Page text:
“We are seeing real compression in pay,” one associate at Slaughter and May, a London law firm told the Financial Times. “The headlines are all about the newly-qualified pay, but there’s been very little uplift for lawyers who are two, three, four and five-years qualified.”
The cause of the pay hike for juniors is the proverbial competition for talent, along with the generosity of big U.S. law firms in London. Some U.S. firms pay newly qualified lawyers £140k ($170k). By comparison, the most that UK firms can muster seems to be £100k.
The German economy is slowing down at just the wrong time for Deutsche Bank. “Deutsche Bank’s restructuring plan has been ambitious from the start and Germany’s economic slowdown will make it that much harder to achieve.” (Bloomberg)
UBS hired former Deutsche Banker Seth Damergy to head its medical device and technology investment banking practice in the Americas. (Reuters)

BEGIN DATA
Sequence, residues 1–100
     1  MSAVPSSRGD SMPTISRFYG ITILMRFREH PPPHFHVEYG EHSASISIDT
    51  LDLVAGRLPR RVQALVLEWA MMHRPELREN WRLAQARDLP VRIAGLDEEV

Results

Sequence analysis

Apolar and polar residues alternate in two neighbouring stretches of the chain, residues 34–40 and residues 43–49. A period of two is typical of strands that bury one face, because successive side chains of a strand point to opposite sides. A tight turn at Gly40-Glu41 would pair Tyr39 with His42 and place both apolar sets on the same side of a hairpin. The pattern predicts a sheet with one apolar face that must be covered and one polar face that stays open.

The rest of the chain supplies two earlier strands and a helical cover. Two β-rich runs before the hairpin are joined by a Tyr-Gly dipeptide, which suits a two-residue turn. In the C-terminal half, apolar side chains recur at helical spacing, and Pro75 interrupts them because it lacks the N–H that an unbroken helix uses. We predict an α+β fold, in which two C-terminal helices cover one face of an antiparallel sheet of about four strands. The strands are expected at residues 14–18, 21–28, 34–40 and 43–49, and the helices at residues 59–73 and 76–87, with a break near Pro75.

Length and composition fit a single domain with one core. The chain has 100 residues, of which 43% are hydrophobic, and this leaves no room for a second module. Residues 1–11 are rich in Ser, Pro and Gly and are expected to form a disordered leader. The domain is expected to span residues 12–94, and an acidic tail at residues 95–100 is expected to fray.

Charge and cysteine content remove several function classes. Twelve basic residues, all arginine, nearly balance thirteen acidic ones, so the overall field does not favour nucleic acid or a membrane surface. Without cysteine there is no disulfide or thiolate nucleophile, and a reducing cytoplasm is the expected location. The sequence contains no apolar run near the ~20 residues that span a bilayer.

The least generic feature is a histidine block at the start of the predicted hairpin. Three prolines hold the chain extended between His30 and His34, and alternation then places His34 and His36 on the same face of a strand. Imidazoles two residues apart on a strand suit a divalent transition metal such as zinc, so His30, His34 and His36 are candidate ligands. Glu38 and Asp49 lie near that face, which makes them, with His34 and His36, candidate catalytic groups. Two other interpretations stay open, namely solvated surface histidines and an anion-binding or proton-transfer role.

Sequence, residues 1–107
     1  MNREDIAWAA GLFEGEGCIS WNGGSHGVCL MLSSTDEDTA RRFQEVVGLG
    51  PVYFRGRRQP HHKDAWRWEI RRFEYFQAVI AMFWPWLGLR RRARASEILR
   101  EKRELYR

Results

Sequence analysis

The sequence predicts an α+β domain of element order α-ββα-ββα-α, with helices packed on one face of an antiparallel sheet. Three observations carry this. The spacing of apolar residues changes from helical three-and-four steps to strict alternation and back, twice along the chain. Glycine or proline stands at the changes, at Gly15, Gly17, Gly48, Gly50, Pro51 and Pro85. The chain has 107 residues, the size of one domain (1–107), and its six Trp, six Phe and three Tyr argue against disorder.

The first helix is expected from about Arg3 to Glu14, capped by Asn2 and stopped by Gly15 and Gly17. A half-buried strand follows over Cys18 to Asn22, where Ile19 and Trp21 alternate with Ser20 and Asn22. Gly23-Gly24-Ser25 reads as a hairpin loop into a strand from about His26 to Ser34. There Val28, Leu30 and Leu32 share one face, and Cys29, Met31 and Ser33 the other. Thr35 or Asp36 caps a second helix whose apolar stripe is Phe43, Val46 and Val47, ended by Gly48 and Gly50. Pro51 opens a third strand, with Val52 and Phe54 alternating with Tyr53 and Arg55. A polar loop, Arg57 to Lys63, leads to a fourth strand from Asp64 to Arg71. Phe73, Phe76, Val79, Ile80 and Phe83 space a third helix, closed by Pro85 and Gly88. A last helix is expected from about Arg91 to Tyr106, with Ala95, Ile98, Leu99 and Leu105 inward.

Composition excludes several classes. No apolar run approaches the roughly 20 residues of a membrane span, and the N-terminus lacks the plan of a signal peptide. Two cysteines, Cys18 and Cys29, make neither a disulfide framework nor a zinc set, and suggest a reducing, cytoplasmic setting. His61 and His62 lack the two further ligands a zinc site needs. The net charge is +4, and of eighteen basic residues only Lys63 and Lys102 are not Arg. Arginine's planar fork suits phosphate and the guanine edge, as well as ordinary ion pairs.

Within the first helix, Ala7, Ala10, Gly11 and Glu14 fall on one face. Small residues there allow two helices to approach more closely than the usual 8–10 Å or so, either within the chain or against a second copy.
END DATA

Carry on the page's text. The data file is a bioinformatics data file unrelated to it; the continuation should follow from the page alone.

A hedge fund hired deception detection experts from the CIA to the analyze the statements of managers in a legal firm it's short-selling. (This is Money)
An ex-Google employee accused the technology company of racism: "Over the last 5 years I’ve heard co-workers spew hateful words about immigrants, boast unabashedly about gentrifying neighborhoods, mockingly imitate people who speak different languages, reject candidates of color without evidence because of ‘fit’ and so much more.” (Vice)
Chinese AI researchers have increased 10x in 10 years and they're most located outside of China. (Technology Review)
Hong Kong bankers are moving money out of the country. (WSJ)
If you want to seem charismatic, focus on imagining a person you feel great warmth and affection for (while or before talking to someone you don't). This, 'can change body chemistry in seconds, making even the most introverted among us exude the type of warmth linked to high-charisma people.' (New York Times)
As it contemplates cutting jobs, UBS has given its bankers a summer reading list that's all about handling change. (Business Insider)